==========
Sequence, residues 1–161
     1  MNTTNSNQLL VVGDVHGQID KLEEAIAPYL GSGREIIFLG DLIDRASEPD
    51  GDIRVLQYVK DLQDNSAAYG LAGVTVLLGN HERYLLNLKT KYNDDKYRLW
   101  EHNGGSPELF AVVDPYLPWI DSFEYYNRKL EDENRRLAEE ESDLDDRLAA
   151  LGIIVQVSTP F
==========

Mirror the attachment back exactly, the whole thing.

Sequence, residues 1–161
     1  MNTTNSNQLL VVGDVHGQID KLEEAIAPYL GSGREIIFLG DLIDRASEPD
    51  GDIRVLQYVK DLQDNSAAYG LAGVTVLLGN HERYLLNLKT KYNDDKYRLW
   101  EHNGGSPELF AVVDPYLPWI DSFEYYNRKL EDENRRLAEE ESDLDDRLAA
   151  LGIIVQVSTP F